(c) The analytical method used for detecting oil of calamus (β-asarone) is in the “Journal of the Association of Official Analytical Chemists,” Volume 56, (Number 5), pages 1281 to 1283, September 1973, which is incorporated by reference. Copies are available from the AOAC INTERNATIONAL, 481 North Frederick Ave., suite 500, Gaithersburg, MD 20877, also from the Office of Food Additive Safety (HFS-200), Center for Food Safety and Applied Nutrition, Food and Drug Administration, 5100 Paint Branch Pkwy., College Park, MD 20740, 240-402-1200, or available for inspection at the National Archives and Records Administration (NARA). For information on the availability of this material at NARA, call 202-741-6030, or go to: http://www.archives.gov/federal_register/code_of_federal_regulations/ibr_locations.html.

[42 FR 14659, Mar. 15, 1977, as amended at 47 FR 11855, Mar. 19, 1982; 54 FR 24899, June 12, 1989; 78 FR 14667, Mar. 7, 2013]

§189.113   Cinnamyl anthranilate.

(a) The food additive cinnamyl anthranilate (C16H15NO2, CAS Reg. No. 87-29-6) is the ester of cinnamyl alcohol and anthranilic acid. Cinnamyl anthranilate is a synthetic chemical that has not been identified in natural products at levels detectable by available methodology. It has been used as a flavoring agent in food.

(b) Food containing any added cinnamyl anthranilate is deemed to be adulterated in violation of the act based upon an order published in the Federal Register of October 23, 1985.

[50 FR 42932, Oct. 23, 1985]

§189.120   Cobaltous salts and its derivatives.

(a) Cobaltous salts are the chemicals, CoC4H6O4, CoCl2, and CoSO4.They have been used in fermented malt beverages as a foam stabilizer and to prevent “gushing.”

(b) Food containing any added cobaltous salts is deemed to be adulterated in violation of the act based upon an order published in the Federal Register of August 12, 1966 (31 FR 8788).

§189.130   Coumarin.

(a) Coumarin is the chemical 1,2-benzopyrone, C9H6O2. It is found in tonka beans and extract of tonka beans, among other natural sources, and is also synthesized. It has been used as a flavoring compound.

(b) Food containing any added coumarin as such or as a constituent of tonka beans or tonka extract is deemed to be adulterated under the act, based upon an order published in the Federal Register of March 5, 1954 (19 FR 1239).

(c) The analytical methods used for detecting coumarin in food are in sections 19.016-19.024 of the “Official Methods of Analysis of the Association of Official Analytical Chemists,” 13th Ed. (1980), which is incorporated by reference. Copies may be obtained from the AOAC INTERNATIONAL, 481 North Frederick Ave., suite 500, Gaithersburg, MD 20877, or may be examined at the National Archives and Records Administration (NARA). For information on the availability of this material at NARA, call 202-741-6030, or go to: http://www.archives.gov/federal_register/code_of_federal_regulations/ibr_locations.html.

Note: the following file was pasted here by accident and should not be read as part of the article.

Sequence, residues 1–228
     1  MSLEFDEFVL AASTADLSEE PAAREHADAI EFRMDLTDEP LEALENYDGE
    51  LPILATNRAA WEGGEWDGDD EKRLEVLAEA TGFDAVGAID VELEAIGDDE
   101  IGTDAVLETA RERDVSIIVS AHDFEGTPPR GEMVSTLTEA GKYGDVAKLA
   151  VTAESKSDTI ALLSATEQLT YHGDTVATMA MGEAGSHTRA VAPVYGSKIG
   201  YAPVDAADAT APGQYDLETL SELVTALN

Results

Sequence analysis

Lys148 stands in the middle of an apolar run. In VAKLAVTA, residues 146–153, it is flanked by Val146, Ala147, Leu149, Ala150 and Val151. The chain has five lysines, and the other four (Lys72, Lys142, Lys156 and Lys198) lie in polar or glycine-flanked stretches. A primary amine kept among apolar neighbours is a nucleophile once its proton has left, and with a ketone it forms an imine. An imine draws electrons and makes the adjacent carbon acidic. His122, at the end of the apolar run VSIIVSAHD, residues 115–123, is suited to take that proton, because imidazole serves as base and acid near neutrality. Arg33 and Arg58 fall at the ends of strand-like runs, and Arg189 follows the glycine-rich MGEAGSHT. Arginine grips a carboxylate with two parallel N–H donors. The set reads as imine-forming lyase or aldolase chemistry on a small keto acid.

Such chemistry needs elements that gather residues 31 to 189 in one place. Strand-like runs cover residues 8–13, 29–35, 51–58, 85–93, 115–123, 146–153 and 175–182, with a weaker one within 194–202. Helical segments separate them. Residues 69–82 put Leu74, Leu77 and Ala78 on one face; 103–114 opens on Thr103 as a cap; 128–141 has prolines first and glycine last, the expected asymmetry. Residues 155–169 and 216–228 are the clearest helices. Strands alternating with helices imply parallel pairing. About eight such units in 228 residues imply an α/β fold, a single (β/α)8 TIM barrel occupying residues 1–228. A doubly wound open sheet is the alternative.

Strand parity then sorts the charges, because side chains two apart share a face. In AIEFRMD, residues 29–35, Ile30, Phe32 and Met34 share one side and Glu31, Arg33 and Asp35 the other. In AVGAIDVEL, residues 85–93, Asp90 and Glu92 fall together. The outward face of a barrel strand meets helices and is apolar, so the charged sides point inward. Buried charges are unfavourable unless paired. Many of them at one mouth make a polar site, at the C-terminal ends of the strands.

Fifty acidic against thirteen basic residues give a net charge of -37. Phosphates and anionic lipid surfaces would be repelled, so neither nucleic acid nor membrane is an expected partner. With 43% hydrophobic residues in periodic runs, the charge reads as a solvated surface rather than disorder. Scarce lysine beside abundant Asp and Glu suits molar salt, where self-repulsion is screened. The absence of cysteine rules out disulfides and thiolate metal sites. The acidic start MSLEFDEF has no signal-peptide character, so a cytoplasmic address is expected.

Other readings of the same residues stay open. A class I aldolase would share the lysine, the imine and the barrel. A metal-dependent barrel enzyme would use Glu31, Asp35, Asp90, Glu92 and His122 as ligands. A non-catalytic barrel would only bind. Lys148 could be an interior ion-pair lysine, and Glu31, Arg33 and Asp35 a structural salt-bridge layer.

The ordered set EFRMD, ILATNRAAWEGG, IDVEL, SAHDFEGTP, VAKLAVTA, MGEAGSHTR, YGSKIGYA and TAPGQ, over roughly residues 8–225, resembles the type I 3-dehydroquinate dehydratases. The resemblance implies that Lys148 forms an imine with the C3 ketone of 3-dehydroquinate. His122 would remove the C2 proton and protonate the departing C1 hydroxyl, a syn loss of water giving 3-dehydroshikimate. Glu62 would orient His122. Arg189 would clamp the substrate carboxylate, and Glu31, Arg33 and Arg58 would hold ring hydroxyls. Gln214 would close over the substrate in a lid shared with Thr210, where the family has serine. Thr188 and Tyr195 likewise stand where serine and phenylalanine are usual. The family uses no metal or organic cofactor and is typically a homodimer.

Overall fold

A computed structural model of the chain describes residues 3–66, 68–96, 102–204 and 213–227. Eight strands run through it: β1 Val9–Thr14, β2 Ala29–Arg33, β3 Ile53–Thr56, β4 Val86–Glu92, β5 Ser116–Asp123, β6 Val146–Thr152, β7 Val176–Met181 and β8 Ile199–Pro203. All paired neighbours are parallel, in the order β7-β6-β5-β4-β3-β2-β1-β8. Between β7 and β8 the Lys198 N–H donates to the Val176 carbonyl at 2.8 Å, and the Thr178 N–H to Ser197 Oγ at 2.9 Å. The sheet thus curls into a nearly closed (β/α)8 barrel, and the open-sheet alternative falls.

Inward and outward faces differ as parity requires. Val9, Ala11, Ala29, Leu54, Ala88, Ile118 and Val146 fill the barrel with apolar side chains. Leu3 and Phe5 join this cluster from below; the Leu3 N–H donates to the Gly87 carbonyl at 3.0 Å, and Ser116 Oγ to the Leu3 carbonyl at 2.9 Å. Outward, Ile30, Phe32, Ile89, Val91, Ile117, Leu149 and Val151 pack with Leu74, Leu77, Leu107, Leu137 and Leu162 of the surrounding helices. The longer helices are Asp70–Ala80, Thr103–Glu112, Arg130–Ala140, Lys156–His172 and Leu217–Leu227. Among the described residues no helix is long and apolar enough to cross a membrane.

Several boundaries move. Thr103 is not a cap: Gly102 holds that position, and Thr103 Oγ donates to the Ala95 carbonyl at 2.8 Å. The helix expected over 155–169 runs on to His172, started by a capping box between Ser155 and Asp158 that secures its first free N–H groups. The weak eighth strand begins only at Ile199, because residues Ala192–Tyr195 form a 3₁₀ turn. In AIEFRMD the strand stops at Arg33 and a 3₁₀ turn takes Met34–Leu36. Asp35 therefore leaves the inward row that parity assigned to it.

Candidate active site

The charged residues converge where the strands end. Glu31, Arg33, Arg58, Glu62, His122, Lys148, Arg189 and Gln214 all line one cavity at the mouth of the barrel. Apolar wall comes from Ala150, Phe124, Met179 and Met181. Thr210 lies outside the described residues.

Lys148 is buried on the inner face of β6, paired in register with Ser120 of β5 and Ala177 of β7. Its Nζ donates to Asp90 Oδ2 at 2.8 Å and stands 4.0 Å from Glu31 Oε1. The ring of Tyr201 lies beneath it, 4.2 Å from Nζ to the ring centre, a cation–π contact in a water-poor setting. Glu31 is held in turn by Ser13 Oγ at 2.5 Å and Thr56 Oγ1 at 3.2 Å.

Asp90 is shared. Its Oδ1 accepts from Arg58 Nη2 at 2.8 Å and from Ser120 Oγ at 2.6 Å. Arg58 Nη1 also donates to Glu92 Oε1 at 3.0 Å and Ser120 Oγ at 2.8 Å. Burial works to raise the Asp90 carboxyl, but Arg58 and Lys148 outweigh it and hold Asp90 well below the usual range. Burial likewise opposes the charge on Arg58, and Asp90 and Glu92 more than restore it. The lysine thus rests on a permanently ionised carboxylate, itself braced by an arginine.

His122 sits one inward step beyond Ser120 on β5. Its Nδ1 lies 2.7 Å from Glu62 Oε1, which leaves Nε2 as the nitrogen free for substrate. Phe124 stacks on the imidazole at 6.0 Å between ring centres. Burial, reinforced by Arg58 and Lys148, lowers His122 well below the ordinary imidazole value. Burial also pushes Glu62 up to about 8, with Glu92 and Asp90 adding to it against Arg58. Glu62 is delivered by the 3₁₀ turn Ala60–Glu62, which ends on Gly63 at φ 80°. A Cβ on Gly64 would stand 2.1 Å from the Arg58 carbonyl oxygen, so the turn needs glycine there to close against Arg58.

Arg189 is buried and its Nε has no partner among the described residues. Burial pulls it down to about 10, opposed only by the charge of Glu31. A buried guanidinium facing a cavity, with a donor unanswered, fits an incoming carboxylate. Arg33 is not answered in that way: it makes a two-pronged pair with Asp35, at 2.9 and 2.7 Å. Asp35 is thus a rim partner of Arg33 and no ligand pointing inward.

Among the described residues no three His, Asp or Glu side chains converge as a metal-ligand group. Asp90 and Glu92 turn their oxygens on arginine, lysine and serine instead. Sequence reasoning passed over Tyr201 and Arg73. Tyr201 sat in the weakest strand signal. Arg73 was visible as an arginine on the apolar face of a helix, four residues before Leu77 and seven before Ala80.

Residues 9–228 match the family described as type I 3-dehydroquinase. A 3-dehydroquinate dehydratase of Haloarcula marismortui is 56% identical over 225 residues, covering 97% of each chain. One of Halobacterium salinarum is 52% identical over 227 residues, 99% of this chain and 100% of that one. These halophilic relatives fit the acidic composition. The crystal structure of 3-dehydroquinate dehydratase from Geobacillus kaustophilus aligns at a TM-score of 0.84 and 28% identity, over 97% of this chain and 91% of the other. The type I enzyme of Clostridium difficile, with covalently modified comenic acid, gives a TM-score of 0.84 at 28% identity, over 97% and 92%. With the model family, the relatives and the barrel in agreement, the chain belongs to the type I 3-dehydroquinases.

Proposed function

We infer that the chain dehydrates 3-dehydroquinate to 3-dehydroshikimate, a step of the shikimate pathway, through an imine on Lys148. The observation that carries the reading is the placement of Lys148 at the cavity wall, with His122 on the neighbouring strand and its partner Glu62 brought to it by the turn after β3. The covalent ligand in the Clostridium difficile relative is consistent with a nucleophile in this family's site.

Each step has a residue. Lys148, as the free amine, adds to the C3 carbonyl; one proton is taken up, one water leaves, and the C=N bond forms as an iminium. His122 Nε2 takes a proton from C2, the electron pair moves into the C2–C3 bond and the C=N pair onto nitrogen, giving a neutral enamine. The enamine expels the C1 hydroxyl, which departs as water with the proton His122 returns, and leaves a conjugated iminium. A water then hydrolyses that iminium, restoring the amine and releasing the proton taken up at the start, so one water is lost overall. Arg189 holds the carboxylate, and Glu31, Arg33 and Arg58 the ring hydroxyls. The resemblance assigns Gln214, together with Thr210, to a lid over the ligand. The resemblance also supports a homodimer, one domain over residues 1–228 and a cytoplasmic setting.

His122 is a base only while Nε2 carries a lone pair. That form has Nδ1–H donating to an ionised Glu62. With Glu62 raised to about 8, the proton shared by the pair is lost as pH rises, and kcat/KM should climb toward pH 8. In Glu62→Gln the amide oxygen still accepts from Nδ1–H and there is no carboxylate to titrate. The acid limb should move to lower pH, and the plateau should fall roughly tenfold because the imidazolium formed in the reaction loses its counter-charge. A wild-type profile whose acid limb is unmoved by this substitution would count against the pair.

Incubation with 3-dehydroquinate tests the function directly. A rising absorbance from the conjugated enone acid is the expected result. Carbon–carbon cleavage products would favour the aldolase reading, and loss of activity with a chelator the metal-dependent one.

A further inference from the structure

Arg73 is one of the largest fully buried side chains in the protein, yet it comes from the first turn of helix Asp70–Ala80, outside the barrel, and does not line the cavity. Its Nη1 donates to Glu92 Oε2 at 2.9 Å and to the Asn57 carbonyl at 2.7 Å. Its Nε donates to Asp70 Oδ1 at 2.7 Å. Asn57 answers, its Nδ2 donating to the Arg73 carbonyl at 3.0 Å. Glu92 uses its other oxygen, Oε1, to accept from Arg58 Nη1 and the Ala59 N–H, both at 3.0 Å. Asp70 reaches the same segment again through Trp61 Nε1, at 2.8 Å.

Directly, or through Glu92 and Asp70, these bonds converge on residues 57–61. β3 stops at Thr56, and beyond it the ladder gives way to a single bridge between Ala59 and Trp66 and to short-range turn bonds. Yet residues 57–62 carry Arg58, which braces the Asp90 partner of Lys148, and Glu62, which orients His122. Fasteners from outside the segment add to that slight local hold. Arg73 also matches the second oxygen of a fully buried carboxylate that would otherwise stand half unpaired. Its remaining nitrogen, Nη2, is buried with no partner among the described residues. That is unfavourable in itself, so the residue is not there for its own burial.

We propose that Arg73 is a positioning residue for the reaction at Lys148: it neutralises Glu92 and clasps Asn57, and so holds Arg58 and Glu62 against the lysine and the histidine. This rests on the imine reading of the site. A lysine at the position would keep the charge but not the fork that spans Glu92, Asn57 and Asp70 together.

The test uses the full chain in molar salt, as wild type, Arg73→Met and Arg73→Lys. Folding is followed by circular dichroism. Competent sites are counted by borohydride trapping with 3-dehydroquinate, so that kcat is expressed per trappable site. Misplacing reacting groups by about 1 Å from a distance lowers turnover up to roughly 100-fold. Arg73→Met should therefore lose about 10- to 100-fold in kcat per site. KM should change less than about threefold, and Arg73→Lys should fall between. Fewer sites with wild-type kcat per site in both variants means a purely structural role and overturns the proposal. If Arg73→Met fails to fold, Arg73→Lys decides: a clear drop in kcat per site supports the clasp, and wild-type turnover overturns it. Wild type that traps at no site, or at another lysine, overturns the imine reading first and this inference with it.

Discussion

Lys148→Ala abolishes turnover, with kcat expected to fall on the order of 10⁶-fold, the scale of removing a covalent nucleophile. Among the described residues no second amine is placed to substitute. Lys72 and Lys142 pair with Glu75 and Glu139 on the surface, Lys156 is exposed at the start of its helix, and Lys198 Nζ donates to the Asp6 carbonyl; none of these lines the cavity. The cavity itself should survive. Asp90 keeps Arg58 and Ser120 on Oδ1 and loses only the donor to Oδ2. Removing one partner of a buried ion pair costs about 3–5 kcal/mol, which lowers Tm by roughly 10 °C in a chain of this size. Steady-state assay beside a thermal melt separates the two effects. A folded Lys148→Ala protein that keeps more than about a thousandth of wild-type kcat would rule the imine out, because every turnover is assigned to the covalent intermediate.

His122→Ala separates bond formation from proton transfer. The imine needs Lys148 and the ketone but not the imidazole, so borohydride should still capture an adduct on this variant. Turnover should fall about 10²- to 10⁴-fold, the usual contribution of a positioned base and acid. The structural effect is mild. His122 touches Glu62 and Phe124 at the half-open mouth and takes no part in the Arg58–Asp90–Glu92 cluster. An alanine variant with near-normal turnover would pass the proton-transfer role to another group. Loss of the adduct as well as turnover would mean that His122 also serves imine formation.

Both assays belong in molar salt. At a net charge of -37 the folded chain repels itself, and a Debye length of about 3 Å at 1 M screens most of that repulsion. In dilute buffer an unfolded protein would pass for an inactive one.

[42 FR 14659, Mar. 15, 1977, as amended at 49 FR 10114, Mar. 19, 1984; 54 FR 24899, June 12, 1989]

§189.135   Cyclamate and its derivatives.

(a) Calcium, sodium, magnesium and potassium salts of cyclohexane sulfamic acid, (C6H12NO3S)2Ca, (C6H12NO3S)Na, (C6H12NO3S)2Mg, and (C6H12NO3S)K. Cyclamates are synthetic chemicals having a sweet taste 30 to 40 times that of sucrose, are not found in natural products at levels detectable by the official methodology, and have been used as artificial sweeteners.

(b) Food containing any added or detectable level of cyclamate is deemed to be adulterated in violation of the act based upon an order published in the Federal Register of October 21, 1969 (34 FR 17063).

(c) The analytical methods used for detecting cyclamate in food are in sections 20.162-20.172 of the “Official Methods of Analysis of the Association of Official Analytical Chemists,” 13th Ed. (1980), which is incorporated by reference. Copies may be obtained from the AOAC INTERNATIONAL, 481 North Frederick Ave., suite 500, Gaithersburg, MD 20877, or may be examined at the National Archives and Records Administration (NARA). For information on the availability of this material at NARA, call 202-741-6030, or go to: http://www.archives.gov/federal_register/code_of_federal_regulations/ibr_locations.html.

[42 FR 14659, Mar. 15, 1977, as amended at 49 FR 10114, Mar. 19, 1984; 54 FR 24899, June 12, 1989]

§189.140   Diethylpyrocarbonate (DEPC).

(a) Diethylpyrocarbonate is the chemical pyrocarbonic acid diethyl ester, C6H10O5. It is a synthetic chemical not found in natural products at levels detectable by available methodology and has been used as a ferment inhibitor in alcoholic and nonalcoholic beverages.

(b) Food containing any added or detectable level of DEPC is deemed to be adulterated in violation of the act based upon an order published in the Federal Register of August 2, 1972 (37 FR 15426).

§189.145   Dulcin.

(a) Dulcin is the chemical 4-ethoxyphenylurea, C9H12N2O2. It is a synthetic chemical having a sweet taste about 250 times that of sucrose, is not found in natural products at levels detectable by the official methodology, and has been proposed for use as an artificial sweetener.

(b) Food containing any added or detectable level of dulcin is deemed to be adulterated in violation of the act, based upon an order published in the Federal Register of January 19, 1950 (15 FR 321).